Oxnard Fire Dept incident response times officially a mystery- more important now that budget cuts will hit Dept.

... Well, a mystery to the public anyway

By George Miller

Rapid response by the fire department is vital for public safety. City Council has requested Fire Department incident response time numbers repeatedly. A Fire Dept response time survey was pulled off  the 3-4-14 City Council meeting agenda due to lack of agreement on its accuracy. Those numbers showed that, overall,  only about 60% of responses were on time. Firefighters Association President Jeff Donabedian says that was incorrect and that their number is actually as low as 35% for some categories.


New Oxnard Fire Station 8 in South Oxnard may not open. Photo: Oxnard FD


City Council 3-4-14 AGENDA


View Item (pdf 226 KB)

  Fire Department
1. SUBJECT: Fire Department Response Statistics. (001)
Legislative Body: CC Contact: James Williams Phone: 385-7700
ACTION: Removed from agenda.

Some documents to support the Firefighters’ Association assertions:


This is from the official report, which was never presented



FireDeptResponseTime 004



FireDeptResponseTime 005

Response time calculations by Oxnard Firefighters Assoc. Source: Jeff Donebedian, President.


FireDeptDriveMap 001

Zoomed section of “Oxnard, California Proposed NFPA 1710 Fireground Assembly of 15 Firefighters in 8 Minutes with the Addition of Station 8” map. Source: Jeff Donebedian


What is “on-time?”

According to generally accepted national standard NFPA 1710, which specifies a “turnout” time of 60  seconds and transit time of 240 seconds (4 minutes), for  a total of 5 minutes, 90% of the time, for single engine company responses.  Structure fires require a multiple engine turnout and at least 15 firefighters, within five minutes and 20 seconds for the first engine on scene and all equipment and personnel within 8 minutes.  The equipment must also reach its destination with a specified complement of firefighters and readiness as well.

For those wanting a more detailed, authoritaive explanation of the response time issue by Mr. Donebedian, who has a Bachelor’s degree in emergency management from National Labor College, read this:  Response Time Info- OXFD

When asked why it was so low, Mr. Donebedian, gave a compound response, which included:  Lack of equipment, personnel/engine manning/fire station placement. Also, NFPA 1710 says that engines should go out with 4 firefighters. Oxnard goes with 3. EMT responses were best, but even there, they run out of ambulances and have to bring them in from Thousand Oaks or other locations sometimes. In the meantime, we hear, unofficially, via back channels, that the City plans to lay off some firefighters (breaking: see Fire Fighters Association  news release on cuts). Oxnard Fire Department is already one of the most undermanned, under-equipped organizations for its city size.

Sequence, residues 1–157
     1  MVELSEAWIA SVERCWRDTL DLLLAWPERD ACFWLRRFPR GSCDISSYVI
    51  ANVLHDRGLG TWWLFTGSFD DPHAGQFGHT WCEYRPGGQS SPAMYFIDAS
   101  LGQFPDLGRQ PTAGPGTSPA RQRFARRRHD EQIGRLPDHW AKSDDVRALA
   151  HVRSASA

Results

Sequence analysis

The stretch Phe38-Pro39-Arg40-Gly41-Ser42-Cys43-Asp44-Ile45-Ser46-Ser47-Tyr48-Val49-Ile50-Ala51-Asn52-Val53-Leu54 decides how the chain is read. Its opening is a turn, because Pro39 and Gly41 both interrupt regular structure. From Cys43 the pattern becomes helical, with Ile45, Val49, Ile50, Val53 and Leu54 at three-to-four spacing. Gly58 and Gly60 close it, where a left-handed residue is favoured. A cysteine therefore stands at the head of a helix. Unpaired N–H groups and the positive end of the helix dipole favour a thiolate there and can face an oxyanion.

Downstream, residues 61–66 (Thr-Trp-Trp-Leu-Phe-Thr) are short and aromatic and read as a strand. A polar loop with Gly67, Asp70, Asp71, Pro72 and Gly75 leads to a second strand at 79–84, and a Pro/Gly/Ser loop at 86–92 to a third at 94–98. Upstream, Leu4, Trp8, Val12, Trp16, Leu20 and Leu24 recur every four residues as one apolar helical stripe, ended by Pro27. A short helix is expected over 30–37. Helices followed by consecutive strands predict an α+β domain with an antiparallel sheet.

The department made some fine tuning improvements and trains regularly to bring down response times. Even small things can make a big difference, For instance, even the replacement of old printers with laser printers and directly loading calls to computer subtracted about 20 seconds. Seconds can save lives. A little known fact: calls received from cell phones must first go though CHPS (California Highway patrol) before being relayed on to Oxnard 911 dispatch. Once dispatch releases a case, it goes directly to the Fire department.


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So, what is the point of all this?

The Firefighters Association is concerned that manning cuts to respond to the projected $10.6 million deficit in the General Fund could harm the department’s performance even more and jeopardize residents. On the other hand, the city MUST cut spending by $10.6 million and public safety (police and fire) account for 65% of the general fund. Obviously, they have a concern for the continued employment and welfare of their members. But it’s also evident that significant cuts will have a negative effect on response times and public safety.